Sunday, June 26, 2011

Textual Critical Websites: Analysis

click for enlarging

Well, I was inspired by Nazaroo's use of a Venn-diagram, and the recent discussion of their use on TC-Alt for MS sorting; so I conjured up this self-critical look at Textual-critical blogging.   Hope you enjoy it: suggestions are welcome!



  1. Does the church block access to critical websites?
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  2. No. Churches are independent private organizations in Canada, although most mainline churches also have "charitable status", which means they don't have to pay taxes on income collected from donations.

    However, there are some regulations regarding qualifying for "charitable status", such as operating as a non-profit 'business' and restrictions on the use of money collected by a church organization.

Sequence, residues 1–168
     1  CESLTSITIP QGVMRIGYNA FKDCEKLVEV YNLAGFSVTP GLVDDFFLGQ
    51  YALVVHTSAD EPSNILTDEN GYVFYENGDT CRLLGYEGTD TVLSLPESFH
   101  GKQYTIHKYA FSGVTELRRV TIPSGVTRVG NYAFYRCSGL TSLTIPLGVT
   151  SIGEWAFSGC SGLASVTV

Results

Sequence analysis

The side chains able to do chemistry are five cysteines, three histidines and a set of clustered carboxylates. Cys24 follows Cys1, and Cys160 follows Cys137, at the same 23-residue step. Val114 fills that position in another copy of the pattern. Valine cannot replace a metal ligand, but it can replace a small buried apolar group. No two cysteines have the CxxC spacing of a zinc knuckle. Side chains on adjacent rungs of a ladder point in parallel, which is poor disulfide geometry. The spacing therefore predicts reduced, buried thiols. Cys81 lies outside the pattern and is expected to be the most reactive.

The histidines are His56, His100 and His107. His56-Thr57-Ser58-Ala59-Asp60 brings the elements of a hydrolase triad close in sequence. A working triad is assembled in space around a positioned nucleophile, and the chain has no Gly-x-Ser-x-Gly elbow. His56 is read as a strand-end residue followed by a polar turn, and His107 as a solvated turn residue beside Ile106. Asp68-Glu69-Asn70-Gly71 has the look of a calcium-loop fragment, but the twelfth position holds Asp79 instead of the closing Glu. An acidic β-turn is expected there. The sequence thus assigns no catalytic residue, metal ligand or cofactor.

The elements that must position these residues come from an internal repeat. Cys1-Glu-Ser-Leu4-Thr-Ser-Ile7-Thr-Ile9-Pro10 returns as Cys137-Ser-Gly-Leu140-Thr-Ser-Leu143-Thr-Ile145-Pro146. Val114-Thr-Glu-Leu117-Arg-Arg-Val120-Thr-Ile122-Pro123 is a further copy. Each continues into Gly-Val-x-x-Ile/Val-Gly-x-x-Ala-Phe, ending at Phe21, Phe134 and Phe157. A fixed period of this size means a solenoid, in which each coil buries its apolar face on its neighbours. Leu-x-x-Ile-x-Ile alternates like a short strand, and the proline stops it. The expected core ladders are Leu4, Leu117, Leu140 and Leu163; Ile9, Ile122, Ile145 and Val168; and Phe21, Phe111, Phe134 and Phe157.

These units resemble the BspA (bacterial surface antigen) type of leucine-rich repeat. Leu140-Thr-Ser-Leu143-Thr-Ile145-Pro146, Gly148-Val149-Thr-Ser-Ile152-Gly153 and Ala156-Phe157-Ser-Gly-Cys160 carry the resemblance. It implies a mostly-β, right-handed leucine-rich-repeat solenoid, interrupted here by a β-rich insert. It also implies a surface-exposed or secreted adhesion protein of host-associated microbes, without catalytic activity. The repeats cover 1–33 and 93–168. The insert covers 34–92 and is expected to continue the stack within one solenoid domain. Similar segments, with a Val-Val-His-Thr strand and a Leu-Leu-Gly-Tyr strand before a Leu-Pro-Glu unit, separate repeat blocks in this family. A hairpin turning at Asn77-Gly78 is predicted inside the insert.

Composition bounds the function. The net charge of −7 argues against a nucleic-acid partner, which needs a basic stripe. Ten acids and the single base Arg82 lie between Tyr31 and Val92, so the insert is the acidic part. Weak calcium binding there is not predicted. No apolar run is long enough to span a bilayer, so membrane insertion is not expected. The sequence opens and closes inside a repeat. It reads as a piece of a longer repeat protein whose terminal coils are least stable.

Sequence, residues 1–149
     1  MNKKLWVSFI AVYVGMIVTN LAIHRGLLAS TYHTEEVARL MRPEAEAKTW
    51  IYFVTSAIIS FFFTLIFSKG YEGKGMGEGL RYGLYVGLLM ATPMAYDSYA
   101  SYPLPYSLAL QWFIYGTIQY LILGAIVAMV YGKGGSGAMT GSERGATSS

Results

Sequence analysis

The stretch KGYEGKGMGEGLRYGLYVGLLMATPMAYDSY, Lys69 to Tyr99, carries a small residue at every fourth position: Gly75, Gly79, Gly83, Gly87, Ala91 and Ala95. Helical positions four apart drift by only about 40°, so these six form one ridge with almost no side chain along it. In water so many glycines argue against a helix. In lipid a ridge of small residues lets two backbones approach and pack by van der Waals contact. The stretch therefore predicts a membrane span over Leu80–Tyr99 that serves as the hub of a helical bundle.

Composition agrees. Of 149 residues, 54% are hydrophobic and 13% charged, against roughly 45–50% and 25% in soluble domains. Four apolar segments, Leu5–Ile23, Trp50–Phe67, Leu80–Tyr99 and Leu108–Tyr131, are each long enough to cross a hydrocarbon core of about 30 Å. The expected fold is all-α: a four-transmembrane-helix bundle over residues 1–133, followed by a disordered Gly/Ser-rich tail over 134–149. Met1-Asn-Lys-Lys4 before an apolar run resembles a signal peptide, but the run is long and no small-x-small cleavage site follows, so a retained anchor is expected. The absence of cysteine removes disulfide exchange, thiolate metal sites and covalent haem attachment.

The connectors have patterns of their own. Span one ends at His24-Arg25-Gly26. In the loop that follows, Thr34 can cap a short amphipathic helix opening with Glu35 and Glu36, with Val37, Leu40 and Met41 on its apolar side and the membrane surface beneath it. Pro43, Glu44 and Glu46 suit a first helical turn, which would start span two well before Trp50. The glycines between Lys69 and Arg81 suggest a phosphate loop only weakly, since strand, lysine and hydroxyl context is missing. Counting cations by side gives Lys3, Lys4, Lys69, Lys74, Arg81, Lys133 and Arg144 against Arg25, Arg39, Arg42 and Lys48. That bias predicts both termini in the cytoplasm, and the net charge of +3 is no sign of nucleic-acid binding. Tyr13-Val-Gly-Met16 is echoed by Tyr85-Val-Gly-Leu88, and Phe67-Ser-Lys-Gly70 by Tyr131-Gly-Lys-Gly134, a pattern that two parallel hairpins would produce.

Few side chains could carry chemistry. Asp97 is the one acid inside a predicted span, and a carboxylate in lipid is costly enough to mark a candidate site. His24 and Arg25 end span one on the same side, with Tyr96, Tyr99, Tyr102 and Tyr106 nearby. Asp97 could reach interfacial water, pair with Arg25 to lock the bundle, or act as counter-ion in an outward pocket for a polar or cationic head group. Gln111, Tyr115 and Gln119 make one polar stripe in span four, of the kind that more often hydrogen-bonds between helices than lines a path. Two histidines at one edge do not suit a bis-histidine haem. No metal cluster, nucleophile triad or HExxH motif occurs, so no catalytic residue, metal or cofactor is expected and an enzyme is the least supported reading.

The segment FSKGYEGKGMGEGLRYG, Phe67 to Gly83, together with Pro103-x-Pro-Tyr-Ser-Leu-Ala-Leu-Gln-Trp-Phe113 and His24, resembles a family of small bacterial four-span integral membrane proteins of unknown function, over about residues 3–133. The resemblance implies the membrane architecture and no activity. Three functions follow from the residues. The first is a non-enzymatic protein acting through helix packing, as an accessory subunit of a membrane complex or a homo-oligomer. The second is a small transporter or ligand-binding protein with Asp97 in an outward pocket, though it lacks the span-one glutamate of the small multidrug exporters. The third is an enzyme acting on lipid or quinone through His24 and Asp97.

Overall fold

Usually, church leaders in the many different churches in Canada do not and cannot exert any power or control over church members. Those who join a church are free to attend other churches, or engage in any free activity allowed to the public.

    A person can be a member of more than one church, however, this would not normally be known by any church authority, since such information is private and voluntary and is not recorded in any kind of public register.

    Canada does have a mandatory "Census" on a semi-yearly basis, in which the most basic information about people is recorded in a central data-base. This is not supposed to be used to track individuals and/or their behavior, but is used by the Government to define voting ridings, and help them decide on how to divide tax money for various services like roads, postal, schools, etc. In the Census there may be an entry for 'religion' but it is most basic. Canadians are not required to list the church they attend, or the address or personal information of that type.

    I hope this helps.